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Posts for tag: tooth decay

By Michael J Solly, DDS
December 10, 2019
Category: Oral Health
TakingtheRightStepstoPreventEarlyToothDecayinChildren
TakingtheRightStepstoPreventEarlyToothDecayinChildren

While the prevention and treatment of tooth decay has improved dramatically over the last half century, it continues to be a major health issue, especially for children. One in four children 5 and younger will develop some form of the disease.

Although tooth decay in children stems from the same causes as in adults — the presence of decay-causing bacteria in plaque, unprotected teeth and the right mix of carbohydrates like sugar left in the mouth — the means by which it occurs may be different. We even define tooth decay differently in children as Early Childhood Caries (ECC), “caries” the dental profession’s term for tooth decay.

ECC highlights a number of cause factors specific to young children, such as: continuous use of a bottle or “sippy cup” filled with juice or other sweetened beverages; at-will breast-feeding throughout the night; use of a sweetened pacifier; or regular use of sugar-based oral medicine to treat chronic illness.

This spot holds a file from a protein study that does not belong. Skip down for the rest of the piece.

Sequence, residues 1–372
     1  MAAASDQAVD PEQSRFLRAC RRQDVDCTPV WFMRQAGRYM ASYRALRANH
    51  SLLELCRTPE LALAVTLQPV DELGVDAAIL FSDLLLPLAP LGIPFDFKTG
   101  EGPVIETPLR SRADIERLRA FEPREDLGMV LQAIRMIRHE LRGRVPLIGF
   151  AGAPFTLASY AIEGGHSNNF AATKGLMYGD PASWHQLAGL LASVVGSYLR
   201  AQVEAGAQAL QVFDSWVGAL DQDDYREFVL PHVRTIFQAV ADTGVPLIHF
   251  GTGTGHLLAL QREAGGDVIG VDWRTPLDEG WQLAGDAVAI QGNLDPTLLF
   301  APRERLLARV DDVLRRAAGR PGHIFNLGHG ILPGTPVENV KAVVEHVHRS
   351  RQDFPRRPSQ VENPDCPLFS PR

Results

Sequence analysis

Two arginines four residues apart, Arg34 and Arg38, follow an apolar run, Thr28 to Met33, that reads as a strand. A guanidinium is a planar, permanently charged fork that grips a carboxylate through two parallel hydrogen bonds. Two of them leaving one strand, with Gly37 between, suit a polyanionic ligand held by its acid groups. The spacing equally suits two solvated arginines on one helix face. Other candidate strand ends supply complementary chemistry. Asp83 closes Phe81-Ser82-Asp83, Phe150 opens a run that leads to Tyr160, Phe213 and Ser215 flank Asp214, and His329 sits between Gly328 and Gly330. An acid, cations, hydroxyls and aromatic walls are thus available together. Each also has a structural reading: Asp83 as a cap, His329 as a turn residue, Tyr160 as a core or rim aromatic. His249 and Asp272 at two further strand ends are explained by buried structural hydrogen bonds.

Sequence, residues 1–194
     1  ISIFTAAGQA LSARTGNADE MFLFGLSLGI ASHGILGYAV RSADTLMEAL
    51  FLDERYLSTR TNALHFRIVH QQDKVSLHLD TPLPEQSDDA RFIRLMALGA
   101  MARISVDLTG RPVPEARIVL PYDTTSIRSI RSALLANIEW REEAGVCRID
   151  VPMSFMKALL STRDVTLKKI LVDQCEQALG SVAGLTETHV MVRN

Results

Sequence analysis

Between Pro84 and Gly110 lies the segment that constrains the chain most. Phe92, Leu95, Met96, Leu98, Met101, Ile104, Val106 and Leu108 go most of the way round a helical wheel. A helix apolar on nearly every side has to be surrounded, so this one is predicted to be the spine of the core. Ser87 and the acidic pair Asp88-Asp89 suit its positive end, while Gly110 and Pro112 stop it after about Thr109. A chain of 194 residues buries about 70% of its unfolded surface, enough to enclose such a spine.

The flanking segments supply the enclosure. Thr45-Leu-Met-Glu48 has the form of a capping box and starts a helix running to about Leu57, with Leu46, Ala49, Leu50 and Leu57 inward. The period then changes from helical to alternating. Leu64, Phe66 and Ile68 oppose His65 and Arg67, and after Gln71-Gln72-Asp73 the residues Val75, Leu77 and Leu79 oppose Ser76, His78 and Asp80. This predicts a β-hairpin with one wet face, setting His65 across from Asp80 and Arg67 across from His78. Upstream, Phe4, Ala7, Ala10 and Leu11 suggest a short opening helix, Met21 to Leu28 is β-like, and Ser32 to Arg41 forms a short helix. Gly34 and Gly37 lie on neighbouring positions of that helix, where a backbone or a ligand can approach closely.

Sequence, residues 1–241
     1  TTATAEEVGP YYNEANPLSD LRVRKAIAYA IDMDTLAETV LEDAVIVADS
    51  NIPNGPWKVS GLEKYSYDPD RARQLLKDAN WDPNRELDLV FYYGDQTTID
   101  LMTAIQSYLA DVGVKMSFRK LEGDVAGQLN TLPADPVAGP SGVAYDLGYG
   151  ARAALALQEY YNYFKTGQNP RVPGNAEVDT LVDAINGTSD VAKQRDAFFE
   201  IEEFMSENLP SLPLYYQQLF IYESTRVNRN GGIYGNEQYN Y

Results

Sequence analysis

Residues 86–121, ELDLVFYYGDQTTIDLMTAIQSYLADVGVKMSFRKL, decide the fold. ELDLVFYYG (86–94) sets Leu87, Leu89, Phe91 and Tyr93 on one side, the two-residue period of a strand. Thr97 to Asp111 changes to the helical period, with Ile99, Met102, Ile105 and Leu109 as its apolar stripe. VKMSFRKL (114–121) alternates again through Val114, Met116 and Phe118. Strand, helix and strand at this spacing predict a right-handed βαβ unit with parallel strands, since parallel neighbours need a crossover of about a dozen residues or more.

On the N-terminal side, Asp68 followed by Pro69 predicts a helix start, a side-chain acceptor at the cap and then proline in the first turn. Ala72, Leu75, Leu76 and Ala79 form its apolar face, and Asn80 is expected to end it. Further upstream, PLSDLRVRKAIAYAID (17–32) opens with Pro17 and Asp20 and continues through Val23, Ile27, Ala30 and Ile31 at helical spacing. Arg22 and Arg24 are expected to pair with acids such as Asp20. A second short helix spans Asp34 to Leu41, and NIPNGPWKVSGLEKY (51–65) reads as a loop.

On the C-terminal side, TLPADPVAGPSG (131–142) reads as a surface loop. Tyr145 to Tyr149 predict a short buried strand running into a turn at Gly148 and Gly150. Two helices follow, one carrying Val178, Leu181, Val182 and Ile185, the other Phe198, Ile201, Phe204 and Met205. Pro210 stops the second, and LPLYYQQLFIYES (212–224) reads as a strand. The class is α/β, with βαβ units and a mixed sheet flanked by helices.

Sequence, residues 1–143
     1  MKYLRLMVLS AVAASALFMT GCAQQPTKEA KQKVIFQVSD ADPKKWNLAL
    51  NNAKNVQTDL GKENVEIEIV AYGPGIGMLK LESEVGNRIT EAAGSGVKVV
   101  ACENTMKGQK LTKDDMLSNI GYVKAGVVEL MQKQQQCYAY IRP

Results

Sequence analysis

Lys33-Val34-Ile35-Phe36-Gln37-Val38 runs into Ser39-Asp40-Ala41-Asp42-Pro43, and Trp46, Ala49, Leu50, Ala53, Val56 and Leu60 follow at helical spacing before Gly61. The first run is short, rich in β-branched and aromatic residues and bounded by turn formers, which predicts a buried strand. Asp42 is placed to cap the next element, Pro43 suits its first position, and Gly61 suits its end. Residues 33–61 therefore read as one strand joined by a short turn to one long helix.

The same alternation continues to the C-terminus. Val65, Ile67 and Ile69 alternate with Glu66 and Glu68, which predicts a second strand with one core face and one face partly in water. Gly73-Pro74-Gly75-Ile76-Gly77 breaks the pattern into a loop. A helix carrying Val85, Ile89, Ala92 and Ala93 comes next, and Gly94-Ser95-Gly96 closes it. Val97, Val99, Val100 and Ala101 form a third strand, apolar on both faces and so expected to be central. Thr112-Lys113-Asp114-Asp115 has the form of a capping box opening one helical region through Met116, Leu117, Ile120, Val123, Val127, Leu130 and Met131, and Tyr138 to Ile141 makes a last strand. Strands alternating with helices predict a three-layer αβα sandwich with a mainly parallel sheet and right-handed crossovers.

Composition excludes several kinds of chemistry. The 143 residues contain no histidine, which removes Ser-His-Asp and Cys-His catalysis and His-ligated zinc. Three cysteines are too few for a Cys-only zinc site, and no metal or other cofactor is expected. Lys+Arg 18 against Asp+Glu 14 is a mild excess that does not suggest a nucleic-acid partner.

If you noticed sugar as a common denominator in these factors, you’re right. As a primary food source for bacteria, refined sugar is a major trigger for the disease especially if it constantly resides in the mouth from constant snacking or sipping. In fact, it’s the primary driver for a particular pattern of decay known as Baby Bottle Tooth Decay (BBTD). This pattern is specifically linked to sleep-time bottles filled with juice, milk, formula or other sweetened beverages, given to an infant or toddler to help soothe them through the night or during naps.

All these factors cause a cycle of decay. To interrupt that cycle, there are some things you as a parent should do: perform daily hygiene with your child to reduce decay-causing bacteria; reduce the amount and frequency of carbohydrates in the diet, particularly sugar; and protect the teeth by having us apply fluoride or sealants directly to the teeth.

Early tooth decay could affect your child's oral health for years to come. With a little care and vigilance, you improve your chances of avoiding that encounter.

If you would like more information on preventing tooth decay in children, please contact us or schedule an appointment for a consultation. You can also learn more about this topic by reading the Dear Doctor magazine article “Dentistry & Oral Health for Children.”